Drawing and Painting

Studio Journal

The Seven Elements of Art

 So what are these Seven Elements of Art I keep hearing about?. It’s a common query among artists, both seasoned and newbies alike. But fear not, because today we’re doing a fly by overview of this intriguing subject to define these mysteries and explore just how beneficial they can be in our creative practice. So, strap in, grab your nearest sketchbook and let’s see what’s up.

Like a shooting star, imagine a single point dancing through space and leaving behind a trail – it’s like a visual journey. Lines can be bold or delicate, straight or curvy. They guide the viewer’s eye and can convey emotions or narratives within your artwork. Think of Van Gogh’s expressive, swirling lines in “Starry Night”. All those little brush marks created by ‘Real’ lines to physically create marks. Then there are ‘Implied’ lines that suggest a feeling of movement, perspective or focal point in a scene. In our art, Lines are created where any mark starts moving.

Think of your canvas as a playground for shapes – circles, squares, triangles, and everything in between. Shapes are lines that close and complete themselves as if they are connecting their head to that tail. They define spaces and create structure as we can use these to build our artworks up or simplify everything down. Experimenting with ‘positive and negative space’ can give your compositions depth and intrigue too. Just like in Matisse’s cut-out masterpieces, even if they are 2D it doesn’t mean the final result looks flat.

Now, let’s add another dimension – literally. Forms are like shapes with depth, transforming 2D surfaces into sculptures or 3D renderings and typically comes in two flavours, ‘Real’ or ‘Implied’. The best way to think of it is how sculptors carve figures out of marble. You view a statue from all angles as it occupies a real physical space, a la Michelangelo’s “David.”. While painters use various techniques to imply or suggest volume to create a believable illusion of depth in a drawing or on a canvas.

After talking about Form, we usually bump into Value at the same time. ‘Value’, or ‘Tonal Range’ is what brings depth and dimension to your work, playing with the contrast between light and shadow. Fancy terms like Chiaroscuro that evoke drama or use subtle gradations to create mood, akin to the stunning works of Rembrandt, it can just as easily be used to set those pale mountains in your landscape back into the distance. A rage of highlights, mid-tones and shades is what will take your artwork from looking like a flat facade to a believable scene with depth.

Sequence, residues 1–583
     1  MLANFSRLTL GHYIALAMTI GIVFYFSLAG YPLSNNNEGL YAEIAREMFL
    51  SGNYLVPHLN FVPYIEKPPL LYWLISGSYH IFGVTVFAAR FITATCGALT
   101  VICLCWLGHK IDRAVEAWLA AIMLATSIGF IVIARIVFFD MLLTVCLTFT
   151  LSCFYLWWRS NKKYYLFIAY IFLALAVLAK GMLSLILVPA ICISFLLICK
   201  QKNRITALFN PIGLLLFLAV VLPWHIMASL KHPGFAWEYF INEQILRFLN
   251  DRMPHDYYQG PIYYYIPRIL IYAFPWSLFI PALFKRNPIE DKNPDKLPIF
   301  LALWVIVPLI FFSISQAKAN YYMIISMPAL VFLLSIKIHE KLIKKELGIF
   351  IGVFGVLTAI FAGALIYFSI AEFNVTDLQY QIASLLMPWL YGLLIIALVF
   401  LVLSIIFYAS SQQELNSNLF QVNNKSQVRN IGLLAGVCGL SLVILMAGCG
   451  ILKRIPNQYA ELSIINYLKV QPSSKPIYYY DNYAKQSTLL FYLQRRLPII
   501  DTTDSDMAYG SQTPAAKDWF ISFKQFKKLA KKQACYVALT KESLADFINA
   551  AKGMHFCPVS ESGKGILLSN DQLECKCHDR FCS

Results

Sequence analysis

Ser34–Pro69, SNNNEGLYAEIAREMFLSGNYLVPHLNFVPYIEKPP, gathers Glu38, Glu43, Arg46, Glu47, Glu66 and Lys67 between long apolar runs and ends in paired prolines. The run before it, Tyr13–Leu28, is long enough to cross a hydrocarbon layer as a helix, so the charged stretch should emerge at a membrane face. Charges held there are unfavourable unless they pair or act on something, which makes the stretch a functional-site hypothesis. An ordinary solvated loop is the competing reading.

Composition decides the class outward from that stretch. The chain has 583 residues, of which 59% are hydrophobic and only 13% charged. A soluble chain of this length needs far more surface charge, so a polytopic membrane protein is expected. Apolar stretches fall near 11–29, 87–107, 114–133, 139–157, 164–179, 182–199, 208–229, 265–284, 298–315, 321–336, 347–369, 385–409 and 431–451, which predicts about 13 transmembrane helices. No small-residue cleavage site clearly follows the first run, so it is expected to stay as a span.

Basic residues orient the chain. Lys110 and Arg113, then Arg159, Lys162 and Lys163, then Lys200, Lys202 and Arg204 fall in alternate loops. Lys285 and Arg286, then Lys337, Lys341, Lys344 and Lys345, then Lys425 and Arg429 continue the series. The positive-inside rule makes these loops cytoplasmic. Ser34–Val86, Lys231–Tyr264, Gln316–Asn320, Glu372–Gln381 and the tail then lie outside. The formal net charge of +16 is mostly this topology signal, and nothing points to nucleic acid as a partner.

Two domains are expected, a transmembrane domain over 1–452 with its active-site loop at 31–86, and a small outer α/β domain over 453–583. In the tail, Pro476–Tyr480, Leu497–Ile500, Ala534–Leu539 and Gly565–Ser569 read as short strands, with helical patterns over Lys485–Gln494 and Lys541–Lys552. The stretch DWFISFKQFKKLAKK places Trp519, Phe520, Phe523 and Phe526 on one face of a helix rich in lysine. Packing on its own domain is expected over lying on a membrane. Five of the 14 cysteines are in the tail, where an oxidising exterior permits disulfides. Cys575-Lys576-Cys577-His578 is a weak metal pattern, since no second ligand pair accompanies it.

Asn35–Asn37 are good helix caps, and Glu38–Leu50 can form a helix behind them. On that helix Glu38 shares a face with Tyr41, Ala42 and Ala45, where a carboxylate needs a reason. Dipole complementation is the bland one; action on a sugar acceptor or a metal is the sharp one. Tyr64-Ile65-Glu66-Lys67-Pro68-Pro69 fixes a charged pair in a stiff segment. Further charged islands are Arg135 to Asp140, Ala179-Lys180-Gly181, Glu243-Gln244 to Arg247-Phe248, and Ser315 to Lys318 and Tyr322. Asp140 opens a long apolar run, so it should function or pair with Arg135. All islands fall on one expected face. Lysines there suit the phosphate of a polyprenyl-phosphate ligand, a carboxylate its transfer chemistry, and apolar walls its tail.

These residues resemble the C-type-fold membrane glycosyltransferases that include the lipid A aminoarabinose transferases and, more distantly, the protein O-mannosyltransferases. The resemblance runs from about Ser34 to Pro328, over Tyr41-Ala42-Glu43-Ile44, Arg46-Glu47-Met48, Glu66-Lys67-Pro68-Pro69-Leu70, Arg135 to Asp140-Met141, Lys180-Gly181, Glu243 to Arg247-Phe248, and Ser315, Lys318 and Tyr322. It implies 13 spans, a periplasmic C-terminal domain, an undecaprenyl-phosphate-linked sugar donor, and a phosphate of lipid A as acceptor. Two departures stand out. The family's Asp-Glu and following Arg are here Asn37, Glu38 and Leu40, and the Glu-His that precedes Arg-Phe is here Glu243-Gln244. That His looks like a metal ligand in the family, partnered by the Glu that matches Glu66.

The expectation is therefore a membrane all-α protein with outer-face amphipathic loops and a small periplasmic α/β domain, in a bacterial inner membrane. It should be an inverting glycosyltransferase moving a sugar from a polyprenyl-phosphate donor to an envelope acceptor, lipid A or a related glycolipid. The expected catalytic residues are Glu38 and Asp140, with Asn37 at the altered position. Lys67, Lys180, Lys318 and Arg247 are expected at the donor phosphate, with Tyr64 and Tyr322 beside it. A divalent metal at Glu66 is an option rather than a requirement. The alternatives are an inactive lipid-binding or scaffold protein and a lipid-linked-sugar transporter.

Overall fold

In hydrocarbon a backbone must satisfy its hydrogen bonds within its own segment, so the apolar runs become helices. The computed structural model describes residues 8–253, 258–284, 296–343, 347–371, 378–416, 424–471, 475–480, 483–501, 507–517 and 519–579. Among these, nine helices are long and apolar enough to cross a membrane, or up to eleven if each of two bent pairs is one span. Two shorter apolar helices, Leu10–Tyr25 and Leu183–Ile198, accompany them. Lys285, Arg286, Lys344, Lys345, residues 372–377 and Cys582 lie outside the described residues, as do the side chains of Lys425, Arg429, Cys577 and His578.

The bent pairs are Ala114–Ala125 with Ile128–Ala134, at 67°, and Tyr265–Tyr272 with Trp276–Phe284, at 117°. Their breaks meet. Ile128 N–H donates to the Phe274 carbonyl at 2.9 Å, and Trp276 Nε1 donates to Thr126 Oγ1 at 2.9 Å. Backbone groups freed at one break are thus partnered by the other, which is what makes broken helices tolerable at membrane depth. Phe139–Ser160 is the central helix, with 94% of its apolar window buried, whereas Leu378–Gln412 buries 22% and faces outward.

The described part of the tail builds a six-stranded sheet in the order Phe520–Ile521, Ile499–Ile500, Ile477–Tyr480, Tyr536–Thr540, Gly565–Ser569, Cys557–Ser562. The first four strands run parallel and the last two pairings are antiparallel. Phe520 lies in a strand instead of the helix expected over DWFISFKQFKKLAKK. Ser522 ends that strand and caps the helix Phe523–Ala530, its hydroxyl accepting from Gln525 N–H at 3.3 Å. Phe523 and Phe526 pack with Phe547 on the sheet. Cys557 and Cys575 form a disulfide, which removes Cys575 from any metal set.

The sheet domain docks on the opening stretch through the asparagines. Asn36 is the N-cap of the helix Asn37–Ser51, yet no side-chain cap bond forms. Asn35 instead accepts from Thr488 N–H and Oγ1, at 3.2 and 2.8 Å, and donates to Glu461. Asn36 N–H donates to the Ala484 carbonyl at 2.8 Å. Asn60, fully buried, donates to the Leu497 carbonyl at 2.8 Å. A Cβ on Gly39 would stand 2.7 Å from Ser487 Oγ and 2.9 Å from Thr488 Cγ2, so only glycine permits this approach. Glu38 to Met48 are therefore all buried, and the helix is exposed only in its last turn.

Here’s where we play with perception. Space isn’t just emptiness; it’s the playground where your elements interact. Use perspective to create depth, set a focal point or invite viewers to step into your world. Escher warps reality with mind-bending spatial illusions, where up becomes down and foreground merges with background swapping seamlessly. Whereas Kandinsky creates a visual experience as the abstract shapes and colours dance and play with each other on the space of the canvas.

I may be biased but colour is probably the most fun of all the the seven elements. Although colours aren’t just pretty—they’re powerful storytellers too. By exploring hues, their values, and intensities to evoke emotions or set the mood. From Monet’s dreamy water lilies to the vibrant chaos of a Jackson Pollock, colour speaks volumes whatever shade you choose!

Close your eyes and imagine the rough bark of a tree or the smooth surface of a marble statue. Another element that comes it two flavours, Texture can be ‘Tactile’ or “Visual’. Think again of how Van Gogh’s thick, impasto strokes add physical energy to his paintings you could touch and feel the ridges. Or alternatively those Bill Braun paintings that were circling Instagram recently, visually it might look like fuzzy felt collage but to touch they are flat acrylic paintings! Texture adds richness and tangibility to your work, inviting viewers to explore with more than just their eyes.


To sum it up, mastering these seven elements is like unlocking the secrets of an artist’s toolkit. By experimenting with each element, layer by layer, you’ll deepen your understanding of art and discover endless possibilities for creative expression. Art is a huge subject too! It can be overwhelming to tackle all of these concepts at once so by breaking it all down down into these manageable chunks allows our skills will grow, and our artwork to flourish. Happy creating!

Art Journal